Monday, June 14, 2010

Running on Purpose

If you aren't a runner, you probably rarely run by accident - unless, that is, you end up late for a train or chased by a fierce animal.  But if you are a runner, chances are, you run on purpose.

My purpose for running has changed over the years, and it actually took me a while to figure that out.  When I was little, I ran just to run. 

Then I went to middle school, and I ended up on the cross country and track teams - all about the competition.  I ran to compete.  But I didn't necessarily like the races; the best part was the camaraderie with my teammates (and opponents; in middle school I managed to make friends with the top runners from all the other schools, which worked well when we consolidated in 8th grade and high school).

I especially enjoyed our "longer" runs (and can hardly believe that the longest runs we did were 6 milers) and talking and sharing as we ran.  I even enjoyed the interval training - I liked being pushed and pushing myself.  I thought the purpose of running was competition, and I wondered why anyone who wasn't fast would even try to run.  Yes, conceited.  Yes, naive.  What can I say - I was a teenager.

When I got into college and later, even though I was no longer a competitive runner, I still thought competition was the purpose of running.  Even though I wasn't training, I still thought I could run a competitive 5K... I paid the price.  And I changed my purpose for running.  For several years, I ran *only* to get in shape/keep in shape for soccer.  I know plenty of people who only run when there's a ball in front of them.

Then came the 5K races - As an adult I got back into running races, still primarily for the competition.  There were always the small town races where I could place in my age group, even with my *OK* times and without much (any?) intentional training.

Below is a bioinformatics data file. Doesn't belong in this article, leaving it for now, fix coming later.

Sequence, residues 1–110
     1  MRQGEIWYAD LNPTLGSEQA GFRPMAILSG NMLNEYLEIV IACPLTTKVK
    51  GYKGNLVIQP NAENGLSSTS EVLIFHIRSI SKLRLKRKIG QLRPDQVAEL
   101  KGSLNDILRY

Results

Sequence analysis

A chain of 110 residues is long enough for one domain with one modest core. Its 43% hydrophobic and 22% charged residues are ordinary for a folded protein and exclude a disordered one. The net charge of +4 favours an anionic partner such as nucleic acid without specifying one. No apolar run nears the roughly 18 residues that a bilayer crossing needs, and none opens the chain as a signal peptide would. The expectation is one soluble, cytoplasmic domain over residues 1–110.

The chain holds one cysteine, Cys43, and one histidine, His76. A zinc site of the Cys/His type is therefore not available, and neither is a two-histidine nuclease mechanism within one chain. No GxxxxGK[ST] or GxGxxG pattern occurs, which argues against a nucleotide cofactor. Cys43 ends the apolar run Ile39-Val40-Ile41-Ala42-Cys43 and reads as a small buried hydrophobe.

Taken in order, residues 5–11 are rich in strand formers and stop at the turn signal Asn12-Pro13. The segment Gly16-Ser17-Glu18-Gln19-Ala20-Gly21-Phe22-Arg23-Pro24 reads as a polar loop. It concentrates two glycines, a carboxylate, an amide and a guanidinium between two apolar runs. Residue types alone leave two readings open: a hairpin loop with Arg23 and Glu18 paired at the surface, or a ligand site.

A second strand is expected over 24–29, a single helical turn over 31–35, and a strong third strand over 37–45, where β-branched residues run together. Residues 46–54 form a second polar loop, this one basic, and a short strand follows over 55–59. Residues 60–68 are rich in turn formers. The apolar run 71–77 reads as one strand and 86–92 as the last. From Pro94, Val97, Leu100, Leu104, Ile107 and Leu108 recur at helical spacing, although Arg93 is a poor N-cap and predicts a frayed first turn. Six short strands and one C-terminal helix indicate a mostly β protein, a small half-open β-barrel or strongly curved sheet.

I began to enjoy those races, mostly because I started to find friends there - mostly friends from other venues (soccer friends, basketball friends, even seminary friends) - so it seems that camaraderie was still a big part of my run.

But as I began training for a marathon, something changed.  I began training and running mega miles, and (once I got over the initial horror of seeing those huge numbers on Hal Higdon's marathon training chart)  I started to enjoy running simply for the sake of the run.

Sure, I like the side benefits; I like being able to eat whatever I want - though the "whatever I want" actually changes when I run, because I actually want to eat more healthy because it helps me run farther and faster.  I love the endorphin rush and the way I feel after a run.  I love that I've lost weight and that I'm in better shape for soccer. 

But mostly I just like running.  I like pushing myself to see if I can do it.  When I see a hill in front of me, now it's a challenge: can I run up it?  How fast can I run it?  (maybe unless it's Steel Hill, pictured to the left, in which case the question is: How soon will I start walking?)  Sometimes the challenge is the I won't stop and walk challenge or the How many miles can I get? challenge.  I like pushing the pace, trying for negative splits.

I still am competitive - I love seeing my times drop, even when it's just over a mile or an interval workout.  My average mile time has dropped significantly, and I like that.

But even beyond the competition, I enjoy running for the time it takes. It's a time to collect my thoughts, to pray, to listen to sermons, to listen to music, to relax (ha!), to put aside a to-do list, to recharge my mental batteries.  It's a time to share with friends (when I'm fortunate enough to train with friends).  There is a deep connection between the physical and the spiritual, and when I am able to be physically active, I sense the spiritual as well.  God is with me when I run.


Greg said...

Nice post Rev. As you know I'm a big believer in understanding your purpose in running - but sometimes (at least temporarily) that purpose may, in fact, be in finding the purpose (and something else like competition can sustain us for that period). You look extremely confident and dedicated to your running, so whatever is driving you, it seems to resonate.

Anonymous said...

He's Back! I almost had to start my own blog in your absence. Good thing you came back. It would have been "My history of walking".